I could say as much of another nation, which I know well, since it lives in the land where I was born. The Belgians, in the guise in which we saw them daily, appeared to give us no promise of a noble soul. They seemed to us narrow and limited, a little commonplace, honest in a mean, inglorious way, without ideals or generous aspirations, wholly absorbed by their petty material welfare, their petty local wrangles. Yet, when the same hour of duty sounded for them, more menacing and formidable than those of the other nations, because it preceded all of them in a terrible mystery; while there was everything to gain and nothing to lose, save honour, if they proved faithless to a plighted word; at the first call of their conscience aroused as by a thunderbolt, without hesitating or glancing at what they had to meet or undergo, with an unanimous and irresistible impulse, they astonished mankind by a decision such as no other people had ever taken and saved the world, well knowing that themselves could not be saved. And this assuredly is the noblest sacrifice that the heroes and martyrs who have hitherto appeared to be the professed exponents of sublime courage are able to achieve upon this earth of ours.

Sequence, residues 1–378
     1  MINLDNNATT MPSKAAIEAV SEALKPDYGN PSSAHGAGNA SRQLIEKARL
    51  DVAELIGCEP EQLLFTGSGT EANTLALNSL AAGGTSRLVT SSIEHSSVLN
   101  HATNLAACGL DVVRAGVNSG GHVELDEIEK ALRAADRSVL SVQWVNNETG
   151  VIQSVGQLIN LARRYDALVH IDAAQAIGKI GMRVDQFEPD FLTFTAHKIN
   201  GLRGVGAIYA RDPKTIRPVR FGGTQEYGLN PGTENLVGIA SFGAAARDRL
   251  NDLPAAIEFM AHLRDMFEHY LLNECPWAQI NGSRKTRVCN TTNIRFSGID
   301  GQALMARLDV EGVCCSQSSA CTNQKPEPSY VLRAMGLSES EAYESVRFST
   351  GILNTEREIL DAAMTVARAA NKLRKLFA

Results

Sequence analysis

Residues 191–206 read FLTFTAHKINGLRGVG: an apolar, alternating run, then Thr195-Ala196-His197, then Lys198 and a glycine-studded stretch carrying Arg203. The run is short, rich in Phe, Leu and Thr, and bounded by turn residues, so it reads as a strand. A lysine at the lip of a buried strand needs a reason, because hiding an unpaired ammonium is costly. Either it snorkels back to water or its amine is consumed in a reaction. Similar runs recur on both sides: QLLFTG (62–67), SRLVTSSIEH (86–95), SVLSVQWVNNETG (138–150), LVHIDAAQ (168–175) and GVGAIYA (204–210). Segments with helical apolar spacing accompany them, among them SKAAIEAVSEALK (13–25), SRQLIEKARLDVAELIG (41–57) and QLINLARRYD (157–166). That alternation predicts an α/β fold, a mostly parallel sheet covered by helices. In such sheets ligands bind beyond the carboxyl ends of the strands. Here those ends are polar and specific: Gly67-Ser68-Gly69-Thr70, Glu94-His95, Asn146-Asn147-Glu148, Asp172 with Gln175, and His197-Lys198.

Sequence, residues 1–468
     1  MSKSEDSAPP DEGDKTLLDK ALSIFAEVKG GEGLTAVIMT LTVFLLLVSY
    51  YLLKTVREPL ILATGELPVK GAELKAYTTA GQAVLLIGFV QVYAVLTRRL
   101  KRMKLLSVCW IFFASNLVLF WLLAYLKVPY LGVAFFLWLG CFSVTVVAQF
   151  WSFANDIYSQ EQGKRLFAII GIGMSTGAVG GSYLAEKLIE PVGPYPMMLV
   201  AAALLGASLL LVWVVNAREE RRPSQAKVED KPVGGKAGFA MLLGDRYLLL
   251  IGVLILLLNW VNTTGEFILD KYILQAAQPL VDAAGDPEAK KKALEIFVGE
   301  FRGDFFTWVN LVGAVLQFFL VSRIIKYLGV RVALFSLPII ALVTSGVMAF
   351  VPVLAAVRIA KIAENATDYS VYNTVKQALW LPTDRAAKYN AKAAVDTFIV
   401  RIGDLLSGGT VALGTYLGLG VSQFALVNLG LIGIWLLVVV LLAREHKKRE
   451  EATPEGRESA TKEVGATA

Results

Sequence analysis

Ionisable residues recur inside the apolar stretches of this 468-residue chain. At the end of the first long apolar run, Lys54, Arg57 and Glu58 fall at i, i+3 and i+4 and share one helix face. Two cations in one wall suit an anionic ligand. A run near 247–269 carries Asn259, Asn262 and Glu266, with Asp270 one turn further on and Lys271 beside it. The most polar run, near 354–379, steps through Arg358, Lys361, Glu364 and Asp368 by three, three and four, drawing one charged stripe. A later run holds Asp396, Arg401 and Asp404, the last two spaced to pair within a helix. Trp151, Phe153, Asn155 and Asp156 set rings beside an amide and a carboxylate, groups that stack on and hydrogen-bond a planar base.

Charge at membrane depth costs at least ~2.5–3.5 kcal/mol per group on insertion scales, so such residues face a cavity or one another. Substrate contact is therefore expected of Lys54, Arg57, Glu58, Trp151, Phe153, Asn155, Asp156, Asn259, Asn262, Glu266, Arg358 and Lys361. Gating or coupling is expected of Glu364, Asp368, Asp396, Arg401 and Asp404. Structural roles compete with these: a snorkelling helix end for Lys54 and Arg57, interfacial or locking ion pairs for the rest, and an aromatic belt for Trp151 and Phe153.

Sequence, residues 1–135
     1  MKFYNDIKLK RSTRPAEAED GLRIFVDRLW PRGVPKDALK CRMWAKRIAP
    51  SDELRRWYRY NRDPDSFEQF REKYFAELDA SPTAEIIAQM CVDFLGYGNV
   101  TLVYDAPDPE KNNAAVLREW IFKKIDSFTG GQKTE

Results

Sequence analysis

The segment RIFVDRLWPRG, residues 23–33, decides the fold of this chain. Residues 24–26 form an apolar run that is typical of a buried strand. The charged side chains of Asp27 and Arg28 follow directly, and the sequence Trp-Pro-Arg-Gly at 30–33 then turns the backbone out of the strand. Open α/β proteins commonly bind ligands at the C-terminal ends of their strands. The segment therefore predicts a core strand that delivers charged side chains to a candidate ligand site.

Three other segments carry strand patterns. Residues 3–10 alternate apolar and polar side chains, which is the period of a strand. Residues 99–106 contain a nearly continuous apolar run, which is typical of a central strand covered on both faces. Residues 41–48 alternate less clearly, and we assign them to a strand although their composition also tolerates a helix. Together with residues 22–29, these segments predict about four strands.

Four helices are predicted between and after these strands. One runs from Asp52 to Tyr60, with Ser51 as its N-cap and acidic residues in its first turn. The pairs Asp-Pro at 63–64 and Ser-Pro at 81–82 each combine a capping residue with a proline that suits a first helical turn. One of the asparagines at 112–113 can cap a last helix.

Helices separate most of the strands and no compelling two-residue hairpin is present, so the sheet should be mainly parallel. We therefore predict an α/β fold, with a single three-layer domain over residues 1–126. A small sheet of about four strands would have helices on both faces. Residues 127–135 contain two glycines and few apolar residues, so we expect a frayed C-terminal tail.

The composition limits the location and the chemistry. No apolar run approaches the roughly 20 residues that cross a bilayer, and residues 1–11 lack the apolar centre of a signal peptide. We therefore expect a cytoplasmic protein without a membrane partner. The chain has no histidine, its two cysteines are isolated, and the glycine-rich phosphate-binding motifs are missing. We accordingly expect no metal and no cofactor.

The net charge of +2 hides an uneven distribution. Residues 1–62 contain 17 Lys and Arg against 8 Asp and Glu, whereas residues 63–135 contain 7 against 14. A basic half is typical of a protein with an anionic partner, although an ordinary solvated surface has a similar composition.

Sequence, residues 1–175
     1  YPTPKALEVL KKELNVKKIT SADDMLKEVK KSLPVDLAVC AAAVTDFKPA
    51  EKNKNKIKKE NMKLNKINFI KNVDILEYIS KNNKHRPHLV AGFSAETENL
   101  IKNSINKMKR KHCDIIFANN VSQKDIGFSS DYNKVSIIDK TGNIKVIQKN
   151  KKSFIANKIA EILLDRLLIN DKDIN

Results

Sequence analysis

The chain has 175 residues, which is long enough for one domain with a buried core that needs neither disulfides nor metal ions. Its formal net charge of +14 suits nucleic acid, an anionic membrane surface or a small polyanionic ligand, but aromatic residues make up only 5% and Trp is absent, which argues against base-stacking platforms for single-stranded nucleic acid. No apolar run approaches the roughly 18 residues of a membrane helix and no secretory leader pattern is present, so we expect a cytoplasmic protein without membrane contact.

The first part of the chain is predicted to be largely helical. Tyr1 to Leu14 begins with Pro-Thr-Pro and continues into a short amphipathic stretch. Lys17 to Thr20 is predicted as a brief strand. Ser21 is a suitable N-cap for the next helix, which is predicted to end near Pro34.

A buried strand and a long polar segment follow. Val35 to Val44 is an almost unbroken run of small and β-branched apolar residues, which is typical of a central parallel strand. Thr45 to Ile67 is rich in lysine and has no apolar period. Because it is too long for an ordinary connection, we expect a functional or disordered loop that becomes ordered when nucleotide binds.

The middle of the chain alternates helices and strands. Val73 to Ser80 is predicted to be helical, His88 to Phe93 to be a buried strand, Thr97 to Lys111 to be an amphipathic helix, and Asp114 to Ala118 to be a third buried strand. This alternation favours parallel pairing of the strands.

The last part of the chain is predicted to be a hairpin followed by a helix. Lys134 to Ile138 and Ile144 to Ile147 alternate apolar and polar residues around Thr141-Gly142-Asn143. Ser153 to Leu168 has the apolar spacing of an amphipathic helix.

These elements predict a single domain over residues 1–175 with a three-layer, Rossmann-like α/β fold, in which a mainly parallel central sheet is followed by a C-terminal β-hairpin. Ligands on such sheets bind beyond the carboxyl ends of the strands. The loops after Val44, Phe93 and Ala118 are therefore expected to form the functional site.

On the other hand, to those of us who had had occasion to mix with Germans, who had lived in Germany and believed that they knew German manners and letters, it seemed beyond doubt that the Bavarians, Saxons, Hanoverians and Rhinelanders, notwithstanding some defects of education rather than character which grated upon us a little, also possessed certain qualities, notably a genial kindness, a gravity, a laboriousness, a steadiness, an uncomplaining temper, a simplicity in their domestic life, a sense of duty and a habit of taking life conscientiously, which we had never known or had succeeded in losing. So, despite the warnings of history, we were struck dumb with amazement and at first refused to believe the early tales of atrocities which were not incidental, as in every war, but deliberate, premeditated, systematic and perpetrated with a light heart by an entire people setting itself of sober purpose and with a sort of perverse pride outside the pale of humanity, transforming itself of a sudden into a pack of devils more formidable and destructive than all those which Hell had hitherto belched forth into our world.